The 'Concongella' estate takes its name from the picturesque Concongella creek that runs beside the vineyard. Climatically cold to very cold winters and frequently dry and cool summers, with occasional bursts of hot weather, are the norm. Ben Thomson believes a little stress concentrates grape flavour; at Concongella it happens naturally.
Despite these natural adversities, Concongella consistently produces high quality grapes of intense flavour. The vineyard is a blend of old and new plantings, and the grapes for the Best’s Great Western Icon wines are grown and sourced from the Concongella Vineyard.
At this vineyard, we have five important blocks of fruit that relate to the history of Best's and our award-winning, cool-climate Shiraz for which Best's is now famous.
These gnarled old vines in the oldest Shiraz vineyard at Best’s Concongella Vineyard grow in soils that range from hard-setting silt over clay to friable clay loams. In great vintages, all of this fruit goes into the Thomson Family Shiraz. If the fruit doesn’t make the grade, we use it selectively in Bin No. 0.
In great vintages, all this fruit goes into the Thomson Family Shiraz. If the fruit doesn’t make the grade, we use it selectively in Bin 0. In the old days, these vineyards were known as two separate sections: one was known as “11 rows” and the other as “four rows”, also called the "pigsty vineyard", due to the fact that the pigsty used to be beside the vineyard.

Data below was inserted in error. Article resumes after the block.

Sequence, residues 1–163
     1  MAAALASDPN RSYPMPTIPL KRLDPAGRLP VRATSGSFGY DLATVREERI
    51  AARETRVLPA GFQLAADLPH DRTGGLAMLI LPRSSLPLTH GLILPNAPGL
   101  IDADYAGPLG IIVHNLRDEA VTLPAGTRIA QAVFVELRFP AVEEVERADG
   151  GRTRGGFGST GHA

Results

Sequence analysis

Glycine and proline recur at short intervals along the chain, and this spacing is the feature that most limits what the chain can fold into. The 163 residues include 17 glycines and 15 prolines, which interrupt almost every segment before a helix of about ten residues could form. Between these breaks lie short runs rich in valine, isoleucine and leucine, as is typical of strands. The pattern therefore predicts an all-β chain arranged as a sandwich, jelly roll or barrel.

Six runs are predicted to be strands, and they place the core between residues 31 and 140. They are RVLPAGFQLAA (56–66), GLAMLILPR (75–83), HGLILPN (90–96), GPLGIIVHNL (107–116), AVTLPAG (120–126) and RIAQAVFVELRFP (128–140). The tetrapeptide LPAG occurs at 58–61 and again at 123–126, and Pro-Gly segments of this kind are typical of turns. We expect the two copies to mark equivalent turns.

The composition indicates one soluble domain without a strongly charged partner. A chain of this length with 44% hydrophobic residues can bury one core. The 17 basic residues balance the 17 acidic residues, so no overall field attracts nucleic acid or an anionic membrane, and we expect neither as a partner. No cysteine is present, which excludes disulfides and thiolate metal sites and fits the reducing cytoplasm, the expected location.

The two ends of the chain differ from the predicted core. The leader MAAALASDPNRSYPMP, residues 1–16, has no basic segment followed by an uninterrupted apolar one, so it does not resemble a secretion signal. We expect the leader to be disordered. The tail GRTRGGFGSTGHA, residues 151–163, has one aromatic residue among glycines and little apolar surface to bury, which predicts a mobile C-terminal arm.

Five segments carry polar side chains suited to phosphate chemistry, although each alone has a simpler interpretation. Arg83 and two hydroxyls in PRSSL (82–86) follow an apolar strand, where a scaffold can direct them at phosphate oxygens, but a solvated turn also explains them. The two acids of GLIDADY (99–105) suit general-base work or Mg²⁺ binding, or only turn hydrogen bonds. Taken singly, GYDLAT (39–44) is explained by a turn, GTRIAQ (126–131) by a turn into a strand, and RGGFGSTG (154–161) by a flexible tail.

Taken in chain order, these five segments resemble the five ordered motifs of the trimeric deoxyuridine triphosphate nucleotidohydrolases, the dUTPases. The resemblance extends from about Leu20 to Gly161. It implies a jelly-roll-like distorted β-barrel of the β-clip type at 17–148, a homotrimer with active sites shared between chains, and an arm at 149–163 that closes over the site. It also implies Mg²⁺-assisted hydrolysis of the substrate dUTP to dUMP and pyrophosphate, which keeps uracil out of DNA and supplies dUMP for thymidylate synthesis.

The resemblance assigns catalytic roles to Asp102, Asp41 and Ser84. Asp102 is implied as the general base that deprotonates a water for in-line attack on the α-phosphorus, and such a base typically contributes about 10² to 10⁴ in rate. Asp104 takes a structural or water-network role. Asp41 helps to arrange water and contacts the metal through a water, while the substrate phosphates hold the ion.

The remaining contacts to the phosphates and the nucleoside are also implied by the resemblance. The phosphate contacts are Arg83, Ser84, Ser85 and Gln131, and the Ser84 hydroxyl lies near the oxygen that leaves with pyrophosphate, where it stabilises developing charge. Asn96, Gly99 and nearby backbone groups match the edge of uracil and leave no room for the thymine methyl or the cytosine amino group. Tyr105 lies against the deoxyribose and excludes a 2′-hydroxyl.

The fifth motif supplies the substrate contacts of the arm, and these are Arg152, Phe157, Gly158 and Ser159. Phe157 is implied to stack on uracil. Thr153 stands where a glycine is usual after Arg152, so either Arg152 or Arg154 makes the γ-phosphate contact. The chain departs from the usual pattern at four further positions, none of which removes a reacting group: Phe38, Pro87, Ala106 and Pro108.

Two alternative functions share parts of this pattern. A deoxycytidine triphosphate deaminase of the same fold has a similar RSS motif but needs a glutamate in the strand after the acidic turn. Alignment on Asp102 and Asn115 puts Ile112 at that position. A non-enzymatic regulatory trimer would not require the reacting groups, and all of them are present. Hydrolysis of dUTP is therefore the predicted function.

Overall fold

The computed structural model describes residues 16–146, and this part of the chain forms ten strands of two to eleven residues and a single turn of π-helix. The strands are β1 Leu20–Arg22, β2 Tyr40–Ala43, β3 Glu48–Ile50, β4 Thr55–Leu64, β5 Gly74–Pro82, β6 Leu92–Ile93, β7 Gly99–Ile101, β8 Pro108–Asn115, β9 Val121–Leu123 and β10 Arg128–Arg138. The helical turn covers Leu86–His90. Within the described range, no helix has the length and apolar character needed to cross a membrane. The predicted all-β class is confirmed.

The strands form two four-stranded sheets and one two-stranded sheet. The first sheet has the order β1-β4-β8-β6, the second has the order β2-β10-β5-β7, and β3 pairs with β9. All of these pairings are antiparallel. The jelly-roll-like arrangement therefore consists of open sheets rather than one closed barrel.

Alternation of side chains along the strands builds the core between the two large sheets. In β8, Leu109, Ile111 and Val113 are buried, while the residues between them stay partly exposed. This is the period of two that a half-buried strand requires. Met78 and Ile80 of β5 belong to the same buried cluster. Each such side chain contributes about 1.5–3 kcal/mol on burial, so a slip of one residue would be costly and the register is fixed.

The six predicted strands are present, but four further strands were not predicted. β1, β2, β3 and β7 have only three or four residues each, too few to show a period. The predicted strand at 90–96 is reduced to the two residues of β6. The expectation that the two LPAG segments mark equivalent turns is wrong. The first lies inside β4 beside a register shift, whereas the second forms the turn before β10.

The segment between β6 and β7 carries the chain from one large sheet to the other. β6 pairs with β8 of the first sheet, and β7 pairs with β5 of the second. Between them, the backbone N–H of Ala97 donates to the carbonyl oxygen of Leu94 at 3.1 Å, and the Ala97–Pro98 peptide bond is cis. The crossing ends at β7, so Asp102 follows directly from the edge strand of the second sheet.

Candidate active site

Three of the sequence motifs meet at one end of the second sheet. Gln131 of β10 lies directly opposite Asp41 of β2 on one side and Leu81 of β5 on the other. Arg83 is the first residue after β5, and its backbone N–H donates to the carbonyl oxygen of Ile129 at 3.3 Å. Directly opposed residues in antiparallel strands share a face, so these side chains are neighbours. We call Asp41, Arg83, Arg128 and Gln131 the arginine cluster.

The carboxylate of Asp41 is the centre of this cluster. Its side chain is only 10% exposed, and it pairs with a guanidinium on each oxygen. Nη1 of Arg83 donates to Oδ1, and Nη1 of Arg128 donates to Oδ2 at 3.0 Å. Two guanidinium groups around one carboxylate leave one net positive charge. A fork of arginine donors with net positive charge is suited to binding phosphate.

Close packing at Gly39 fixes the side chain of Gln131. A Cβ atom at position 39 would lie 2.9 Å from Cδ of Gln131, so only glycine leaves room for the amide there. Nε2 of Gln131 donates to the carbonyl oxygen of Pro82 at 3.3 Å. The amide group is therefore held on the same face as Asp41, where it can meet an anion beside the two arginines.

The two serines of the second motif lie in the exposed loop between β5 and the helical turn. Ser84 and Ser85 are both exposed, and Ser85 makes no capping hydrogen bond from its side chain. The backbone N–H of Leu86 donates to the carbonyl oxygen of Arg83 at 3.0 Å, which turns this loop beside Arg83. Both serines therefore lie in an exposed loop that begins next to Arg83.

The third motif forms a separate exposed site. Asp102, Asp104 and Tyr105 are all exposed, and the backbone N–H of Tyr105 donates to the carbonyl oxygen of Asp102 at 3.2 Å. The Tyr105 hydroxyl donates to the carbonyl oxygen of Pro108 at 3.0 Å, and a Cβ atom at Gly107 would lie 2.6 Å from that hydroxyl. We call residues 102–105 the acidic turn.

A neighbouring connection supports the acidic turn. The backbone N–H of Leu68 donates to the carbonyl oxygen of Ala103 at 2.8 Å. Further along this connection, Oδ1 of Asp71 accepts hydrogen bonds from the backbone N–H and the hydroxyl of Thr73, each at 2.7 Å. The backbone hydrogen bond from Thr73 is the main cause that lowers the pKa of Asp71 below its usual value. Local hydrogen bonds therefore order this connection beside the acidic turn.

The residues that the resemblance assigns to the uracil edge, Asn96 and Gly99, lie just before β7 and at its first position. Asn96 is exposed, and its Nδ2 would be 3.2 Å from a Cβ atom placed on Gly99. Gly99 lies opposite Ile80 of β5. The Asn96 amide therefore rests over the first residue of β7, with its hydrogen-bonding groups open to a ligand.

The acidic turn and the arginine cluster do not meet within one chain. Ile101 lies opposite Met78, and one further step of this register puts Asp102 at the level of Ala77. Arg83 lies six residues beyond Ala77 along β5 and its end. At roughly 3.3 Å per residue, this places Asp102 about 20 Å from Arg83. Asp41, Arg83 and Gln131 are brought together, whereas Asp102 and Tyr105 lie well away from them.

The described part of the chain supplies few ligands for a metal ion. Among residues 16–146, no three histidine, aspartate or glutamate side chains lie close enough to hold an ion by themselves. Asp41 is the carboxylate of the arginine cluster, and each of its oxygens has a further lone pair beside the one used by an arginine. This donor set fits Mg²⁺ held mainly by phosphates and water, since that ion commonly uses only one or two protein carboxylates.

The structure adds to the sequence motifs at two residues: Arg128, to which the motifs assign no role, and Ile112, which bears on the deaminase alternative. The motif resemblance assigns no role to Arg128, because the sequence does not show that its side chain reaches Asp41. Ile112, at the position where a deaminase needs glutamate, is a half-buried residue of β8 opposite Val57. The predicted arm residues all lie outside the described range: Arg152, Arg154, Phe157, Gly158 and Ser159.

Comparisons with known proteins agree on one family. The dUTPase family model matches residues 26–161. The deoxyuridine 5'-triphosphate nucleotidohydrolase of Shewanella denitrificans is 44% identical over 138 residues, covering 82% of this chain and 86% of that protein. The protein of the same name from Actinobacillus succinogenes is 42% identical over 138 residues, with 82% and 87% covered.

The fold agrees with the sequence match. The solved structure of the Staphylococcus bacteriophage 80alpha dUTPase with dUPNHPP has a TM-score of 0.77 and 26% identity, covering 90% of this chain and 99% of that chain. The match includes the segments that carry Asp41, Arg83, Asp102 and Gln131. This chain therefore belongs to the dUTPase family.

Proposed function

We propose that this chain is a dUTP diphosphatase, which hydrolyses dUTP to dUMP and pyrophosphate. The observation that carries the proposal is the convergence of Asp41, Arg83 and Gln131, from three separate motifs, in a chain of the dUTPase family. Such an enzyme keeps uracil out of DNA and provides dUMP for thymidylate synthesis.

The vines are picked separately to keep the rows apart. We’ve spent a lot of time mulching heavily around the vines with straw to help retain moisture and encourage healthy bug activity, and they’re now looking fantastic.
The fruit from this block is predominently used in our flagship Thomson Family Shiraz, however this wine is only made during exceptional vintages and is therefore sometimes not released. During these vintages a small parcel of Thomson Family Shiraz is then used during the final Bin No. 0 Shiraz blend. The dry-grown vines of the historic Thomson Family block have roots that penetrate several metres down deep into the earth, and so brings extra complexity and intensity to the Bin No. 0 Shiraz.
Watch Justin explain the nuances of this special piece of earth in this short video.
Best’s Nursery Block within the Concongella Estate is undeniably one of the most significant patches of vines in Australia. Established by Henry Best in the late 1860s, this block is a 1.2-hectare (2.9 acre) vineyard believed to feature the most extensive pre-phylloxera plantings in Australia, and possibly the world. Within the collection, there are more than 39 separate varieties planted, eight of which remain unknown and un-named to this day. International viticulturists visit often, looking to research and take cuttings. It’s a living museum and a vital part of our history – Best’s takes very seriously its role as the custodians of this important piece of earth.
Today, the vines are hand picked, beginning with the white varietals, then followed by the red. The Nursery Block fruit is made into two wines, a dry white called Concongella Blanc and the Nursery Block Dry Red – these are exclusive to Best's Cellar Door. Wine is not produced every year but when it is made, the resulting wine is incredibly unique, a classic ‘field blend’ giving an amazing sense of place.
More information is available in our Nursery Block Handout.